Considering the brutal environment for the casino industry, the Las Vegas Sands Corporation's marginal fourth-quarter loss was not as bad some investors feared. The casino operator reported an adjusted fourth-quarter loss of $17.8 million compared to its adjusted profit of $71.1 million in the fourth quarter of 2007. The $0.04 per share loss was lower than the $0.04 per share gain Wall Street analysts were officially expecting. But the results weren't quite the disaster they might have been, and the stock actually moved marginally higher after the news, as short sellers covered their positions.
While Las Vegas' tourism continued to deteriorate in the fourth quarter, there was at least one silver lining in Sands' Las Vegas property report. While occupancy was marginally lower, the Venetian and the Palazzo were still averaging occupancy rates of 93.7%. This did come at a cost, however, as average daily room rates were down about 20%.
Operating income was down at both the Venetian Macau and Sands Macau operations, a decline of 12.6% and 38.5% respectively. While both properties were seeing occupancy rates of over 90%, the newly opened Four Seasons Macau was struggling to come up the curve. Occupancy rates for the fledgling property, opened in August 2008, were 32%. It's part of a continuing global reassessment for the firm, which a year ago withdrew its plans to create a UK-based mega-casino amid British political discord on the casinos issue.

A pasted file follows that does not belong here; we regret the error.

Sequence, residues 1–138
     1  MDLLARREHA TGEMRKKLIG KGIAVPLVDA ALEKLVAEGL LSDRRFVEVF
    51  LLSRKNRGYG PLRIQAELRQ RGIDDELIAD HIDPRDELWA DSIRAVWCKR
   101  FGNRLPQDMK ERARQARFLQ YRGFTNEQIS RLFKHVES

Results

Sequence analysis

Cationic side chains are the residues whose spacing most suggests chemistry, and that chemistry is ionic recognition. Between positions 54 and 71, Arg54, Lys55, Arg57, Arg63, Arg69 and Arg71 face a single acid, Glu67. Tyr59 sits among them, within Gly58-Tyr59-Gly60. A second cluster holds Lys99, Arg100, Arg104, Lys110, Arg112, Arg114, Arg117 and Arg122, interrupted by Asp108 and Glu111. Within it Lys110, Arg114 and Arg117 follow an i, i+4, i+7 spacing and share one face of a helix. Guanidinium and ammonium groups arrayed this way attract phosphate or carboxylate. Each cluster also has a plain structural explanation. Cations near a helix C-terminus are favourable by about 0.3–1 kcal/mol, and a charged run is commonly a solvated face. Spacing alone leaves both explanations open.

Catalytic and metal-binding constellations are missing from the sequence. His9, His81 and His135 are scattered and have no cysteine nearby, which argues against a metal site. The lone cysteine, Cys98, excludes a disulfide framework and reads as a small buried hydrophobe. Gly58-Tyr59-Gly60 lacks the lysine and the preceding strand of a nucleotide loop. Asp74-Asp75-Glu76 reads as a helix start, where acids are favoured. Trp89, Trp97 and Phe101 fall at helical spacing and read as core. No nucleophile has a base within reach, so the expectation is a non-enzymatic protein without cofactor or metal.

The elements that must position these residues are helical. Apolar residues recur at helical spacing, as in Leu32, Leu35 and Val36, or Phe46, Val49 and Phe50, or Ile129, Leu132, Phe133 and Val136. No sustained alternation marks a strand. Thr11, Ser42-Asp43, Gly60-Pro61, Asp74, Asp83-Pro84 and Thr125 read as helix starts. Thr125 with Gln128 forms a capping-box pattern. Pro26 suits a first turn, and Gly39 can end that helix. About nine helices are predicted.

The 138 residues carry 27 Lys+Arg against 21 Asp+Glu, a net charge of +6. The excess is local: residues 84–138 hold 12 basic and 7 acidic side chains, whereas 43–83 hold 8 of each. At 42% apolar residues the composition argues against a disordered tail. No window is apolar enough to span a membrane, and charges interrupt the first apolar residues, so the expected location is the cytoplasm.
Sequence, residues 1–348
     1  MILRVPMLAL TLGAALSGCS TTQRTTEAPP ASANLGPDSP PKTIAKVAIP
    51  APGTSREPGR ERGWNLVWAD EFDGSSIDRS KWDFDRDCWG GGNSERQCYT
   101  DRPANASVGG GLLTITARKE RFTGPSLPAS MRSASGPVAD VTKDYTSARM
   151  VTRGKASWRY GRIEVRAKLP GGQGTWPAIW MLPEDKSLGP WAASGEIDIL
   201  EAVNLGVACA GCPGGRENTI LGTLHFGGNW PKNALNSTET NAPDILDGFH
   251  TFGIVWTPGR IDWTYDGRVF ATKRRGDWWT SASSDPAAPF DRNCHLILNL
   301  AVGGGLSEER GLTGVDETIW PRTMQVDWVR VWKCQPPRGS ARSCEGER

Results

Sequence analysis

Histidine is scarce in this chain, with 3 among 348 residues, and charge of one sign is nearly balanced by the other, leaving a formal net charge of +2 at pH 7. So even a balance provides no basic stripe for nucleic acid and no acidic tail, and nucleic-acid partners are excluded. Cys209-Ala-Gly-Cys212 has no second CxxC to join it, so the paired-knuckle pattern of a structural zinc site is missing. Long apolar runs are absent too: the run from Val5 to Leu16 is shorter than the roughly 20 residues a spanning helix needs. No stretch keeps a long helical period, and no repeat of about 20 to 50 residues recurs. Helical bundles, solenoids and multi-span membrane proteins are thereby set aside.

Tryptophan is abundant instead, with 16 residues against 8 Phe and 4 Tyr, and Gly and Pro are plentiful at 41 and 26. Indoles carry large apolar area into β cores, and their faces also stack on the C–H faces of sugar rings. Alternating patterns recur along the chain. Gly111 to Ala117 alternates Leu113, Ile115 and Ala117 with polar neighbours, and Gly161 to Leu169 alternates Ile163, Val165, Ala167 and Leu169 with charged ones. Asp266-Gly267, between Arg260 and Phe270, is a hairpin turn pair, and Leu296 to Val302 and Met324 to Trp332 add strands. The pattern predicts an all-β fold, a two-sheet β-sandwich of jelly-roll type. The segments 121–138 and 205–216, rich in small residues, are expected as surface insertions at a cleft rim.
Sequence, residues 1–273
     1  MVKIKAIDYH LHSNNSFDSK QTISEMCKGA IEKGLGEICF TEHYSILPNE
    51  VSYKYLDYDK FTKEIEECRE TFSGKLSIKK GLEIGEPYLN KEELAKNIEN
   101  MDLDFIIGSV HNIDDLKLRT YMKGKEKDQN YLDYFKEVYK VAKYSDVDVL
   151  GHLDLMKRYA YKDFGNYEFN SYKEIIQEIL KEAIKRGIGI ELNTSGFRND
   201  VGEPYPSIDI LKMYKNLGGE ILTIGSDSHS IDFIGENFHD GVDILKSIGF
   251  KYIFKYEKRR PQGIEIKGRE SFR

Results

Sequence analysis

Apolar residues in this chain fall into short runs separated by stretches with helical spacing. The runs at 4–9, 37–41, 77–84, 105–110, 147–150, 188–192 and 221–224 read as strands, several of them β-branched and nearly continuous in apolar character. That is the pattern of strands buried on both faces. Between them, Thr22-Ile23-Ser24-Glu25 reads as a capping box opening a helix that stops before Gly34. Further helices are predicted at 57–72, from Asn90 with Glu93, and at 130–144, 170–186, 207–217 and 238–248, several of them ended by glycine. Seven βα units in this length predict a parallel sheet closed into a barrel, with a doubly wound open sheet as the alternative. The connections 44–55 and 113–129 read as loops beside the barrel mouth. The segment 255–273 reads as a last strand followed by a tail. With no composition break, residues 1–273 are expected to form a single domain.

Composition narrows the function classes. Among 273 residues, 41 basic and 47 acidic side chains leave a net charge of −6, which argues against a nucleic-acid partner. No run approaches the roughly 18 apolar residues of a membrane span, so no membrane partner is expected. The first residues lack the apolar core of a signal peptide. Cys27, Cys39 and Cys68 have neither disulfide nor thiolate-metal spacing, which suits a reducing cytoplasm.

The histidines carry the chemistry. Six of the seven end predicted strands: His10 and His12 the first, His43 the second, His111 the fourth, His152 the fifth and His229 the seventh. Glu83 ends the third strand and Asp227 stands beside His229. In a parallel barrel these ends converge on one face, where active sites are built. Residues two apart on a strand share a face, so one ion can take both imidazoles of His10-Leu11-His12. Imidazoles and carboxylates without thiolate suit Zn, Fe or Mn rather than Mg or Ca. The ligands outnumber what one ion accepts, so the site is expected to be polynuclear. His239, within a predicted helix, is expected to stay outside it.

The Las Vegas Sands is committed to a cost savings program that should trim about $250 million from its expenses. And the company is looking to sell off non-core assets like its Macau retail space, to lighten its heavy debt burden, currently hovering at $10.5 billion.
While the Sands got through the brutal fourth quarter, relatively intact, the casino operator may be facing even more challenging headwinds. Both the U.S. and China economies have shown no signs of improving in the near future. And the Sands will have to work even harder to meet its lenders' increasingly tougher debt covenants in the quarters to come.